I have remembered that man’s words for a long time now. And I think he’s onto something. There is something very liberating about knowing that we are all dieing.
Garrison Keeler is a radio personality who is heard each week on Public Radio’s Prairie Home Companion. He’s a story teller and in one recent show he told this story.
A man was tilling manure into a field in the Spring, using a tractor and a disc plow.
It was a long field. The tractor was moving at five miles an hour, and the man was bored. It was a warm day and the man wished he could be anything other than a farmer. He was tired of working for his father. Out of sheer boredom, he dozed off and started to fall backwards off the tractor seat.
He woke up falling and, because the tractor was an old model with the throttle lever that was notched into place, the tractor just kept moving. The man fell in between the tractor and the discs and, as he hit the ground, he grabbed on to the tow bar. He hauled himself up as far as he could, but he couldn’t pull himself all the way up. He just hung onto the tow bar with both hands as the steel discs were moving behind him.
His body was literally being dragged through the dirt and the manure. He held on as tightly as he could because, if he lost his grip, he would have been cut in two by the moving discs.
He was just about to lose his grip. He didn’t even have enough strength to cry out or to weep – he just kept hanging on.
The tractor kept moving, ever so slowly, until it came to the end of the field. It began moving up the incline of a hill, and then into the woods.
Finally it hit a tree and stopped, although the wheels kept spinning.
It took him about ten minutes before he could stand on his two feet, climb up into the seat, and turn off the engine.
That man lost his life and got it back again.
As Garrison Keeler told this story, he made the observation that he would think that after an experience like that you would have the feeling of absolute freedom and liberty. All the weight would be gone. You would feel the sort of liberty that you read about in the Epistles when a person has died and has been reborn.
The sunsets are lovelier.
The friendships are richer.
Life is savored more deeply.
And you know, Keeler is right. There is something liberating about realizing that at the end of our journey is a death and a Resurrection.
Jesus realized it. He knew that he was going to die. In this passage, he looks out before him and he sees Jerusalem, “O Jerusalem, Jerusalem, Killing the prophets and stoning those who are sent to you.”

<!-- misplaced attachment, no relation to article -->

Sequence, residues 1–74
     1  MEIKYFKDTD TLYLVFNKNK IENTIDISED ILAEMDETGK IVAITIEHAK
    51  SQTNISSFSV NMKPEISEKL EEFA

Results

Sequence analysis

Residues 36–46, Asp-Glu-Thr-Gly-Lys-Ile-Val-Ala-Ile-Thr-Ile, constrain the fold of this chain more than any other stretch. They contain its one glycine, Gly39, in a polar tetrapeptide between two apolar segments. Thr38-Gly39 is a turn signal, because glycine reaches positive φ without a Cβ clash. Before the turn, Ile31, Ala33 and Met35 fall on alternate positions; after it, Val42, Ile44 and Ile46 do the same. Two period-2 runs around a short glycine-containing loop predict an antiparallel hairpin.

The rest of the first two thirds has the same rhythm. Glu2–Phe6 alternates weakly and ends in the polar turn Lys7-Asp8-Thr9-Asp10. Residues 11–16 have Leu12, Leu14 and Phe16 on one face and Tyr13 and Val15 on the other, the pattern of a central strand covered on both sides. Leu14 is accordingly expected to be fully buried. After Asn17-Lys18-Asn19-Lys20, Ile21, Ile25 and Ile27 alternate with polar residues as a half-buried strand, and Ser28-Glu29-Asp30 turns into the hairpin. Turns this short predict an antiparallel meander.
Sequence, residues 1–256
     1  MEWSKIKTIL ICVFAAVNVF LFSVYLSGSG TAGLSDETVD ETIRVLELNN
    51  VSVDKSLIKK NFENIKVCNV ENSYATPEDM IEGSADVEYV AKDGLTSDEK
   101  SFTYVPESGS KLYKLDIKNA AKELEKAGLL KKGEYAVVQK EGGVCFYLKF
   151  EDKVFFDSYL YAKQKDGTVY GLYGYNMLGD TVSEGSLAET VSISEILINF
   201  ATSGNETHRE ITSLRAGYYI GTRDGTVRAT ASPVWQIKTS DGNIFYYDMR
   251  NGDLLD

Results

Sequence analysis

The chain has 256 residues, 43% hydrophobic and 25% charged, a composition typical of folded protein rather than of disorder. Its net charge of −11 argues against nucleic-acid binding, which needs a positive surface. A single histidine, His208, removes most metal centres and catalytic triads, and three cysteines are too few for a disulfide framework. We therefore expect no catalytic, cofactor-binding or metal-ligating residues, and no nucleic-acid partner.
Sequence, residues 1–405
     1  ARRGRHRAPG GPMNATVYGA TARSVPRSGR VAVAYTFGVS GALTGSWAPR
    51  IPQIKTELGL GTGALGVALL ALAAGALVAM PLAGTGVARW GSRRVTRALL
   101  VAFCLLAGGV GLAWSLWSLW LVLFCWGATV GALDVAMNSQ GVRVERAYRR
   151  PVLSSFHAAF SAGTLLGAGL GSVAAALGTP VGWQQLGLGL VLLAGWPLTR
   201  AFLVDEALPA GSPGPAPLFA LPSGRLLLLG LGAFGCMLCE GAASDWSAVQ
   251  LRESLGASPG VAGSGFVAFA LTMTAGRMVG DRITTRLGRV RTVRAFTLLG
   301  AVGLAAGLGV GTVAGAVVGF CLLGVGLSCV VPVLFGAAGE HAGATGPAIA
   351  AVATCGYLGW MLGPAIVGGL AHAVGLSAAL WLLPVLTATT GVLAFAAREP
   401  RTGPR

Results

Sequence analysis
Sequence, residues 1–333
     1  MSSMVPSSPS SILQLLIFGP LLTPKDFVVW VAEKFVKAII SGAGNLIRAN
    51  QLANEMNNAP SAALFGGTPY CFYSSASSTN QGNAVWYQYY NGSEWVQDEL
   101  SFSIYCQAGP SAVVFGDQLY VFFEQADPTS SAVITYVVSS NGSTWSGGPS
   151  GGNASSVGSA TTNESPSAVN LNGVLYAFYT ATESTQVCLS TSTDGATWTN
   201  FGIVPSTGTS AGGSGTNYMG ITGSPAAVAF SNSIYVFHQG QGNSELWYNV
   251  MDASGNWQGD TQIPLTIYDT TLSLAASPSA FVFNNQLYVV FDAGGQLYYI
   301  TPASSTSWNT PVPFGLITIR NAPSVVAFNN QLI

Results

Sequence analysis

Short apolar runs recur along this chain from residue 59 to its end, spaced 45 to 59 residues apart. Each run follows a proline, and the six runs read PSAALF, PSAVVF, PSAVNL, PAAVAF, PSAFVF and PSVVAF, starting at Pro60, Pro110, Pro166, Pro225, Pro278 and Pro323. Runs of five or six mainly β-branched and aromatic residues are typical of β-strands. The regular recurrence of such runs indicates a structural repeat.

Jesus knows that he is going to die in Jerusalem.
And yet, knowing that he is going to die does not paralyze him. That doesn’t keep him from working. Instead it liberates him. “You go tell that old fox,” laughs Jesus. “I’ve been working yesterday. I’ve been working today. I’ll be working tomorrow, until the third day when my course is finished.”
Seeing his life from the perspective of his death and resurrection, liberates Jesus. It takes all the fear of death away.
When we can begin to view our life from the perspective of our death and resurrection into eternal life, we will be able to look at death as Jesus did. To smile at it and to tell death – we worked yesterday. We worked today. We will work tomorrow and we will keep on working until our death and resurrection into eternal life.
I have a friend who has two children, ages 2 and 5. He was going through the early evening ritual one evening, getting the kids ready for bed – feeding them, bathing them, getting their teeth brushed. They finished a little early and the 5 year old asked if they could stay up and watch a little TV. The father agreed.
So the kids turned on the TV and on came an old program called the Incredible Hulk.
I don’t know if you have ever seen the Incredible Hulk, but my friend watched as the screen showed his 2 year old and 5 year old a plane crash. Bodies were strewn all over the airport. Out of the wreckage came a green monster, the Incredible Hulk, wearing rags and picking up bits of the wrecked plane and throwing them into the air at terrified people.
My friend began to wonder if this was the sort of TV show that a 2 and a 5 year old ought to see just moments before being tucked into bed.
The 5 year old picked up on the anxiety and turned to the father, pulling out the thumb from his mouth he said, “Don’t worry Dad, we’ve seen this episode before and it turns out alright in the end.”
The Christian can say the same of life and death. We’ve read the Book – the Bible. We know that it turns out alright in the end.
Copyright Maynard Pittendreigh, 2013
All Rights Reserved